Impulses for knowledge

carl-benz.jpg

Nearly a third of the children currently starting school in Germany have immigrant roots. Although this statistic should not imply that children with immigrant roots have a worse mastery of the German language than those children without immigrant roots, in practice this is quite often the assumption. These faulty assumptions can result in massive disadvantages not only for the children directly affected but also for the society they live in. 

Nearly a third of the children currently starting school in Germany have immigrant roots.

Although this statistic should not imply that children with immigrant roots have a worse mastery of the German language than those children without immigrant roots, in practice this is quite often the assumption. These faulty assumptions can result in massive disadvantages not only for the children directly affected but also for the society they live in.  In order to address this problem with effective support programs, a clear analysis of the language skills of the individual children must be made.

The necessity for action has now been acknowledged and made a priority by the responsible parties at the state and federal level.  Without a clear idea of the language challenges and potentials of these children it is impossible to adequately determine either the need for funding or the possible progress achieved by the funding. The goal of this research project is to develop a procedure for testing the language level of children between the ages of four and five that delivers both precise results and ease of use.

After intensive preparation, the project was launched in November 2015 under the direction of Professor Jörg Roche of the University of Munich.

Research Team Leader:

  • Prof. Dr. Jörg Roche, LMU München

Online project page

Participating Researchers:

  • Prof. Dr. Heike Behrens, Universität Basel
  • Prof. Dr. Stefanie Haberzettl, Universität des Saarlandes
  • Prof. Dr. Marcus Hasselhorn, Deutsches Institut für Internationale Pädagogische Forschung (DIPF)
  • Prof. Dr. Dirk Ifenthaler, Universität Mannheim
  • Moiken Jessen, Ph.D., LMU München
  • Natalia Kapica, M.A., Universität Heidelberg
  • Dr. Gabriele Kecker, TestDaF-Institut (Bochum)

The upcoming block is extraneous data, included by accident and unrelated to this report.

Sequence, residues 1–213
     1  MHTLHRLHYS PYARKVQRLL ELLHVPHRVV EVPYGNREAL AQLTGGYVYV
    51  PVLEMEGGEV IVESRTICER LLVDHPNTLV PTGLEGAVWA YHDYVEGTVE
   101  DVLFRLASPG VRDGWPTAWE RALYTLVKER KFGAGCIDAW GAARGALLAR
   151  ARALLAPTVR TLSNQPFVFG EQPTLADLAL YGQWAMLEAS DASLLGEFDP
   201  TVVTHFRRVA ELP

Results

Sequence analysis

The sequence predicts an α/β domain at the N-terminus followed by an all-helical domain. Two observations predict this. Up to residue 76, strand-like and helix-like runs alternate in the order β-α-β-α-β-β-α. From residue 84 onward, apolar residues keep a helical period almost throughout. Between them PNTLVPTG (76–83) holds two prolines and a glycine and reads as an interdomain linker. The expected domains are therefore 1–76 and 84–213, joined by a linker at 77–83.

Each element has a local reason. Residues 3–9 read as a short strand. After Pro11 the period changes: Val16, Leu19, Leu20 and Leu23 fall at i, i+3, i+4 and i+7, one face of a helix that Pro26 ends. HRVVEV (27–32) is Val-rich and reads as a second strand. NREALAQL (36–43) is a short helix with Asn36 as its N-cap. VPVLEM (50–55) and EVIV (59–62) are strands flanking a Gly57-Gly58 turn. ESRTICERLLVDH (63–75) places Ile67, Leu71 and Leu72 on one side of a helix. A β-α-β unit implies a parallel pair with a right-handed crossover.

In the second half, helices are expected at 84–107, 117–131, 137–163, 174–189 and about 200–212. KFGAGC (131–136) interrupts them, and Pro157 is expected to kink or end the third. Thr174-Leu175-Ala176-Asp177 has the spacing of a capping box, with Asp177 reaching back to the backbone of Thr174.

• Prof. Dr. Wolfgang Klein, Direktor am Max-Planck-Institut für Psycholinguistik (Nijmegen/Niederlande)
  • Dr. Karin Madlener, M.A., Universität Basel
  • Prof. Dr. Giulio Pagonis, Universität Heidelberg
  • Maike Schug, M.A., Universität des Saarlandes
  • Dr. Katrin Skoruppa, Universität Basel
  • Dr. Elisabetta Terrasi-Haufe, LMU München
  • Prof. Dr. Frank Thissen, Hochschule der Medien München
  • Dr. Nicole Weidinger, LMU München
  • Dr. Wolfgang Woerner, Deutsches Institut für Internationale Pädagogische Forschung (DIPF)

 

[ back ]

Daimler and Benz Foundation

Openness and curiosity are essential prerequisites for discovery. In order to intensify the knowledge-generation process, the Daimler and Benz Foundation works with targeted stimuli. Using its €3 million yearly operating budget, the Foundation is able to provide sizable resources for international research. Its endowment of €125 million makes the Daimler and Benz Foundation one of the largest, actively-operating foundations in Germany.

The Daimler and Benz Foundation is guided by clear principles. Its core values include supporting young researchers, encouraging interdisciplinary cooperation, and promoting research in a wide-range of fields. The Daimler and Benz Foundation has created a forum where leaders in the natural and social sciences can present and discuss their ideas. This exchange brings unconventional associations and new ideas to light: The result is knowledge with long-term benefits for us all.